“So if you are on Campbell, look out, because they are looking out for you, and they are literally everywhere,” the soldier wrote.
At Fort Bliss, installation patrols do not correct civilians, according to post officials.Names of soldiers who are corrected by a CP are written down, but officials said that is only for situational awareness. There are no repercussions to the soldiers if they make the correction the CP asked them to make.
Patrols off post
Off-post courtesy patrols were started at Fort Benning, Ga., Fort Drum, N.Y., and Joint Base Lewis-McChord, Wash., in the past few years. One of the most recent posts to start off-base patrols is Fort Gordon, which in July started sending teams of two into the surrounding community to patrol local soldier hangouts and curtail soldiers’ behavior. On weekends, a command team, a company commander and first sergeant also patrol off base.
“We want to make sure that our service members are doing the right thing,” said Command Sgt. Maj. Kenneth Stockton, garrison command sergeant major at Fort Gordon. “It’s sort of getting ahead of the problem.”
The off-post patrols are not necessarily looking to get soldiers in trouble, officials said. They look for soldiers in a tough situation and give rides to post for soldiers who might have had too much to drink. Stockton said if civilian police get involved, they have the option of turning a soldier over to a courtesy patrol instead of taking them to jail.
Although most soldiers who have commented to Army Times seem to agree that standards need to be enforced, some see the need for CPs as a sign that NCOs have failed to uphold standards.
“It just shows old NCOs like me that the NCO Corps is nearly extinct,” said Master Sgt. Michael Caldwell of Fort Bliss. “Standard enforcement should be conducted by every NCO on the installation.”
“It’s just an embarrassment” when NCOs pass by soldiers whose uniform is out of regulation, Caldwell said. He said it hurts him when he hears others disparage the state of the NCO Corps, but he has no argument to defend NCOs. “A vast majority of the NCO Corps is substandard,” he said.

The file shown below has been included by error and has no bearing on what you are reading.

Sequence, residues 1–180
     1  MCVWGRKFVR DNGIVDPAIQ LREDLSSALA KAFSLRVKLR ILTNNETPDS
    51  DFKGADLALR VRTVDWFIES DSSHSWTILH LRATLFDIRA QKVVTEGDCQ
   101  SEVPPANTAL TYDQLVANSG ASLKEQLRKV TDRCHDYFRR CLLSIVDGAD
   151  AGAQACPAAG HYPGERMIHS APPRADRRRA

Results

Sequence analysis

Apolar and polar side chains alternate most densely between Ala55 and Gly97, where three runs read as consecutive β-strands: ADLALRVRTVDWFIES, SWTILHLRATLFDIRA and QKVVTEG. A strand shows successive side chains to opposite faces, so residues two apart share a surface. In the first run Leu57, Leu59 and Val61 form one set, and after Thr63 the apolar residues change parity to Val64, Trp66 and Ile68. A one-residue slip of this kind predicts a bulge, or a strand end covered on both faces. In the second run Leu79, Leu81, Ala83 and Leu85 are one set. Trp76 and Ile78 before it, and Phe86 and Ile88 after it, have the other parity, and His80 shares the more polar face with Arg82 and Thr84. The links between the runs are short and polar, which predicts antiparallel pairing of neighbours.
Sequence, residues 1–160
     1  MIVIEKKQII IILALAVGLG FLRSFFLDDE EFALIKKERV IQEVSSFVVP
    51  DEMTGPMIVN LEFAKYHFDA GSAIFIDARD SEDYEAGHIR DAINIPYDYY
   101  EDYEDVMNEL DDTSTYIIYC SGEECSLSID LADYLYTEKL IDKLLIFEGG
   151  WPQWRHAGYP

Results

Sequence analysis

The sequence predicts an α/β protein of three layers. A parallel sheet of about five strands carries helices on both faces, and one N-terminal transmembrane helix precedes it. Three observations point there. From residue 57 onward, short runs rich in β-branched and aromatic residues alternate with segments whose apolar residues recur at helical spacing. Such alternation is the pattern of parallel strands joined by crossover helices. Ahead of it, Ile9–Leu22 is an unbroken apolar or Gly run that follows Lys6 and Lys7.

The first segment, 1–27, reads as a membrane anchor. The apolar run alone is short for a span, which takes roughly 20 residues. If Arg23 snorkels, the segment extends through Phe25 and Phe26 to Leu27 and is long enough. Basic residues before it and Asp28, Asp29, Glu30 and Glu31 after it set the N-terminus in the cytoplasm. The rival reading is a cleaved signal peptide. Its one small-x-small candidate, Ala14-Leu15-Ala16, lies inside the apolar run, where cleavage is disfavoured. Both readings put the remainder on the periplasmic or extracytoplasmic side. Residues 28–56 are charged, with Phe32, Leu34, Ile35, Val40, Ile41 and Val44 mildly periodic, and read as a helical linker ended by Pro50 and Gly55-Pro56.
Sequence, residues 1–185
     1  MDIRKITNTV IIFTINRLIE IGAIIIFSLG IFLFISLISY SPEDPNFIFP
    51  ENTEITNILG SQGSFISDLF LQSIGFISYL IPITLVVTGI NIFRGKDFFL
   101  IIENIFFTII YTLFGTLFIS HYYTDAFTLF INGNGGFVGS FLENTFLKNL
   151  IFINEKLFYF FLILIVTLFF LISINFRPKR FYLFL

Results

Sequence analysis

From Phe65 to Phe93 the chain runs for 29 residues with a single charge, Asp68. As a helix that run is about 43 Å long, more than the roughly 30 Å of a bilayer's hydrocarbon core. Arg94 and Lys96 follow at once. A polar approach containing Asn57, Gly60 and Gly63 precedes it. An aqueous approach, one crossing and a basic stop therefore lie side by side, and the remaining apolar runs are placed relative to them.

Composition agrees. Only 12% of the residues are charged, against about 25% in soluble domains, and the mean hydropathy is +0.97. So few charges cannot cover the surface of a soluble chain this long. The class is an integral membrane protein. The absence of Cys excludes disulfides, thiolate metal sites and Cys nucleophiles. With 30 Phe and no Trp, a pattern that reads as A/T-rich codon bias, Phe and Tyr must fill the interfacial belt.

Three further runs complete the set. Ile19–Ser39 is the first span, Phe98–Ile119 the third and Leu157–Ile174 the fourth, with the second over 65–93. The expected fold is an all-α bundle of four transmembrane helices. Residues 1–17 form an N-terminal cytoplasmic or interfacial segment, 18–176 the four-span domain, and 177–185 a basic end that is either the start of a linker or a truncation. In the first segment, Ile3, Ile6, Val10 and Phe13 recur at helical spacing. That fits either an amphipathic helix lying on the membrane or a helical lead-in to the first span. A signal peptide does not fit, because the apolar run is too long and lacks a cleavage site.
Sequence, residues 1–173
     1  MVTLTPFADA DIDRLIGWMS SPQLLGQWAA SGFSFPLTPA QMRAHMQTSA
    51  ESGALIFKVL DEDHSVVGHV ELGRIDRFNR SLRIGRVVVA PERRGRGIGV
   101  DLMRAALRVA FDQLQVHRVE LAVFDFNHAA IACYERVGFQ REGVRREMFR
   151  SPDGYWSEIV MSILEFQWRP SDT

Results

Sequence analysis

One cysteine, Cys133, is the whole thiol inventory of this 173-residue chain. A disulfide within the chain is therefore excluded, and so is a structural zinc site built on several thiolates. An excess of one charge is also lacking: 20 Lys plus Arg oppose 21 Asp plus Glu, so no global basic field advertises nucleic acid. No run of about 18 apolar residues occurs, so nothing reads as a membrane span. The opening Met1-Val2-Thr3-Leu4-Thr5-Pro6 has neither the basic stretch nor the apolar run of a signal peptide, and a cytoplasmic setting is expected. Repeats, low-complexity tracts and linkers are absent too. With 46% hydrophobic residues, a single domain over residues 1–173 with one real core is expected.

But he doesn’t blame it completely on the NCOs. Caldwell said an outdated 670-1 (Wear and Appearance of Army Uniforms and Insignia) and an overabundance of Military Personnel and All Army Activities messages, some of which supersede each other, have contributed to confusion about the standards.
“There is a lot of ignorance when it comes to the regulations,” Caldwell said, and without knowing the regs, NCOs lack the confidence to make on-the-spot corrections.
First Lt. Andrew Maitner, who recently conducted a courtesy patrol in Hawaii, said he was bitter at first that he had to pull CP detail to police issues that are usually the realm of NCOs but now understands the need.
“A lot of people don’t know the standards, so you saw that it needed to be done,” Maitner said, adding that during the patrol, he corrected soldiers who were mixing the uniform, talking on a cellphone while walking and not saluting officers.
But some senior leaders are quick to deny that NCOs are solely responsible. Many of the fresh crop of NCOs are post-9/11 soldiers, who have little experience in a garrison environment and may not have had to enforce garrison standards. Plus, they point out that it is every soldier’s responsibility to make an on-the-spot correction.
To NCOs like Pflieger and Stockton, enforcing Army regs means a “back-to-basics” approach.
“Our courtesy patrol ... helps remind soldiers that people are watching, and not just on post,” Pflieger said.